Trump and Merkel met later in the day, in a hastily arranged one-on-one meeting. Speaking after, Trump told reporters he raised the issues of Germany's defense spending and Nord Stream 2. But he also insisted that he has "very good" relations with Merkel.
For her part, Merkel said she discussed trade and migration issues with Trump -- and that she looks forward to future exchanges with the U.S. president because "we are partners."
Trump's criticism brought pushback from NATO and European leaders even before the summit.
"America does not have and will not have a better ally than Europe," European Council President Donald Tusk said on July 10, adding that the United States should "appreciate your allies -- after all, you don't have that many."
Trump's criticism also brought some pushback from Republicans in Congress, as well. The Republican leader of the Senate said before the summit that he wasn't worried that Trump might pull out of the alliance.
And on July 11, Paul Ryan the Republican leader of the House said NATO was "indispensable" and the alliance is "as important today as it ever has been."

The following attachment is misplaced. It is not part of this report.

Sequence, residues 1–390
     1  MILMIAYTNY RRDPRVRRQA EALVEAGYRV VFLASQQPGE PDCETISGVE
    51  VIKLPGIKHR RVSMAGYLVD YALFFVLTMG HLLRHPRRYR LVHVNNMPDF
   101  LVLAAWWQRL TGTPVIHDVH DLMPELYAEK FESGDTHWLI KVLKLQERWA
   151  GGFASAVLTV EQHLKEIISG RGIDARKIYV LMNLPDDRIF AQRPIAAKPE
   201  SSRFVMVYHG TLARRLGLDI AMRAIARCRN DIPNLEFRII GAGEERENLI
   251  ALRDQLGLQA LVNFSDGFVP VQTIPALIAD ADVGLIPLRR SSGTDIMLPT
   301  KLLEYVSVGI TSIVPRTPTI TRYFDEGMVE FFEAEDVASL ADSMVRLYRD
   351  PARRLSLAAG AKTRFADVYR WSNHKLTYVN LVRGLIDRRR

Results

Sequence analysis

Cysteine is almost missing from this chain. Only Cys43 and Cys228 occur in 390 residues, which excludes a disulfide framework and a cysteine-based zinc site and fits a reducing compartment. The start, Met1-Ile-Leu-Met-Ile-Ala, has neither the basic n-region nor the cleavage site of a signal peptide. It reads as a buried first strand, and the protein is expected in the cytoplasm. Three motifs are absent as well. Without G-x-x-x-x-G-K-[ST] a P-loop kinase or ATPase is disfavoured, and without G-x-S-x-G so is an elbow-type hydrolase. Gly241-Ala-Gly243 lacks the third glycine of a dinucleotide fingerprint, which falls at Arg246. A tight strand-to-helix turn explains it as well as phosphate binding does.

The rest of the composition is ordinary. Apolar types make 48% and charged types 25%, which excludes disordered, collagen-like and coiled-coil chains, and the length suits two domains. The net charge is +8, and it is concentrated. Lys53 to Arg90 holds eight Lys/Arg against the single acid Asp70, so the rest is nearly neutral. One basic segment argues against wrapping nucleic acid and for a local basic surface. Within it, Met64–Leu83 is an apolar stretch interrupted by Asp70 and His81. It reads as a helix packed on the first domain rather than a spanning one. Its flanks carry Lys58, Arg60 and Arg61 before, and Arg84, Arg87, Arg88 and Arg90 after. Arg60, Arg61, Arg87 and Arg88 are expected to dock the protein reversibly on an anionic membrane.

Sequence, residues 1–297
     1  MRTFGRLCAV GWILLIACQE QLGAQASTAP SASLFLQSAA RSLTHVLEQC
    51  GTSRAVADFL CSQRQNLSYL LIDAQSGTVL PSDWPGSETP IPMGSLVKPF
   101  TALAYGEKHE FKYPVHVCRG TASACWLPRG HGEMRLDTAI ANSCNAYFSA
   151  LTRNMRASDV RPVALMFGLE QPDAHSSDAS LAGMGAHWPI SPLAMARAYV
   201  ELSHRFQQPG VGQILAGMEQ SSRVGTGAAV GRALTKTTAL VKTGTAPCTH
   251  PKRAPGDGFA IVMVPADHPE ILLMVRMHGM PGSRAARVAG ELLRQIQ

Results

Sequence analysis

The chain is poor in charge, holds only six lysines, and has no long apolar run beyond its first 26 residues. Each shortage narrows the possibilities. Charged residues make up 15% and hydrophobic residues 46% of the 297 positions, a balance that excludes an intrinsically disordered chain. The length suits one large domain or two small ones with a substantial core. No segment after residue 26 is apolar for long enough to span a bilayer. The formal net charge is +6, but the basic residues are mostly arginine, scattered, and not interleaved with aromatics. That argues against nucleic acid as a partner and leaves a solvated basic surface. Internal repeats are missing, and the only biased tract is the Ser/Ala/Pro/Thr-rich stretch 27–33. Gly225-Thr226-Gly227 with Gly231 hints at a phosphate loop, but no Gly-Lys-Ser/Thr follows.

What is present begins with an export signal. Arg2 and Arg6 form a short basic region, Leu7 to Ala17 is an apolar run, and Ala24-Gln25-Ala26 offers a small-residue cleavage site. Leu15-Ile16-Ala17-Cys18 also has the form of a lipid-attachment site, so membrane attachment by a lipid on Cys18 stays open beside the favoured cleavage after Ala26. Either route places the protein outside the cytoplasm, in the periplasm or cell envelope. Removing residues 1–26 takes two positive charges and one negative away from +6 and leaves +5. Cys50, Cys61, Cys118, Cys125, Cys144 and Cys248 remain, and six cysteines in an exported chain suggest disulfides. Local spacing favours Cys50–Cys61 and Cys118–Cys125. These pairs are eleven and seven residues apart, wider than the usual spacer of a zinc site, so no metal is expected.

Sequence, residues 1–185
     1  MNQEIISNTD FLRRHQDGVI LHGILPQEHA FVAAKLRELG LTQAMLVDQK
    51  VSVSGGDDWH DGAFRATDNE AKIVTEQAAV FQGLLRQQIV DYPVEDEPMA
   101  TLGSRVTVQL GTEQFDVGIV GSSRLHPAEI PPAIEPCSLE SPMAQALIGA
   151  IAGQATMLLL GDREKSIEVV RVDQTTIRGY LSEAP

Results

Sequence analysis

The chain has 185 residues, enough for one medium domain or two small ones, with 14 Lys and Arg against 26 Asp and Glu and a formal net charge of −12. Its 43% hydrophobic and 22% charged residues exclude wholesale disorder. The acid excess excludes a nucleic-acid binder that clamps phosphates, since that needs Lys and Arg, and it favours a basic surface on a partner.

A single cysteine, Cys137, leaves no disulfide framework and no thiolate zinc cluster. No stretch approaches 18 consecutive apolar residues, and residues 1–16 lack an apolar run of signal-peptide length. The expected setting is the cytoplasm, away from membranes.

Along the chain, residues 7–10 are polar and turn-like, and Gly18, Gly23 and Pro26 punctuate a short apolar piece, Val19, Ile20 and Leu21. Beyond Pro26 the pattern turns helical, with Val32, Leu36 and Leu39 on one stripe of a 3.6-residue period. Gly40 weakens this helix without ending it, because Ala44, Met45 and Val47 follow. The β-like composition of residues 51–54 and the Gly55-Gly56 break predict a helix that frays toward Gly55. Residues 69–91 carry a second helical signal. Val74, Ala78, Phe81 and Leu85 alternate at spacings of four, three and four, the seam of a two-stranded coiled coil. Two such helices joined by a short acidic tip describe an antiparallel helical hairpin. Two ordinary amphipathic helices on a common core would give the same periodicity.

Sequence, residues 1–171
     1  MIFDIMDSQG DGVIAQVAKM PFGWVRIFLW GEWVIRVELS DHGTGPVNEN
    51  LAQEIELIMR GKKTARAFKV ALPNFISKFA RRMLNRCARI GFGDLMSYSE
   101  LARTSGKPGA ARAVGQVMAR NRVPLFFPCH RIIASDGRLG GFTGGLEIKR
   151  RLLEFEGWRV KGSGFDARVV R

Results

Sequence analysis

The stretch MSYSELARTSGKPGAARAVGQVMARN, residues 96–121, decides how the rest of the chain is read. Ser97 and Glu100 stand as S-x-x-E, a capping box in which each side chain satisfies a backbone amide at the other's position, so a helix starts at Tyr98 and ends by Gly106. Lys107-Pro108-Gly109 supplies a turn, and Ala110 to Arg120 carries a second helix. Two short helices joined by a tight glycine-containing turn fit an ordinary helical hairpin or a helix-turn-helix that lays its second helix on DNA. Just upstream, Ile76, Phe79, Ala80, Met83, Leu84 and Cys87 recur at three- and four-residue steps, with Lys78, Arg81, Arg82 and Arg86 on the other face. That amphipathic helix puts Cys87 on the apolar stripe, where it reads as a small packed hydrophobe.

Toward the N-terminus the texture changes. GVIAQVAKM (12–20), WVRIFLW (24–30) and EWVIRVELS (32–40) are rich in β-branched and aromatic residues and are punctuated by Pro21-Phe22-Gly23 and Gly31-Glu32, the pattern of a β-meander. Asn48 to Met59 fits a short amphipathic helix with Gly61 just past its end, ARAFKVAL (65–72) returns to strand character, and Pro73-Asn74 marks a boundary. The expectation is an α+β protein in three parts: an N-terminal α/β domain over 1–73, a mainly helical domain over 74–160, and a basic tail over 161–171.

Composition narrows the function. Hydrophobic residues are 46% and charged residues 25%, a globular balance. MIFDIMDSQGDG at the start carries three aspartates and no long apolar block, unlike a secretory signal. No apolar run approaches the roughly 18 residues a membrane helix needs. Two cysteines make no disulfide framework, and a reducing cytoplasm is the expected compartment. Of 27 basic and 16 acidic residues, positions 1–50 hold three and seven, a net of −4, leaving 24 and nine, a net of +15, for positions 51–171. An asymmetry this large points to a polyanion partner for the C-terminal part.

Among responses Trump and White House officials have suggested if NATO members don't increase spending is to reduce the U.S. military presence in Europe.Some alliance members have also privately voiced concern that Trump might also pull out of major upcoming military exercises.
On July 10, U.S. Ambassador to NATO Kay Bailey Hutchinson and the U.S. Senate both sought to allay concerns among allies that the United States was backing away from NATO, or from Article 5.
The summit is also being attended by leaders of so-called NATO partner states that are not members.
The final NATO statement pledged support to the ex-Soviet states of Georgia and Moldova, both of which have Russian troops on their territory. Both nations have also expressed interest in joining NATO someday.
"We reiterate our support for the territorial integrity and sovereignty of Ukraine, Georgia, and the Republic of Moldova within their internationally recognized borders," it said.
The summit closes on July 12 with a meeting by countries involved in the NATO-led Resolute Support mission in Afghanistan.
Ahead of that meeting, British Prime Minister Theresa May announced on July 11 that Britain will nearly double the number of its forces in Afghanistan -- to about 1,100 troops who are assisting Afghan forces in the fight against Taliban and Islamic State militants.
Stoltenberg also says he expects the NATO summit will "agree to extend funding for the Afghan forces beyond 2020," to express full support for Afghan President Ashraf Ghani's "bold peace initiative," and his government's reforms.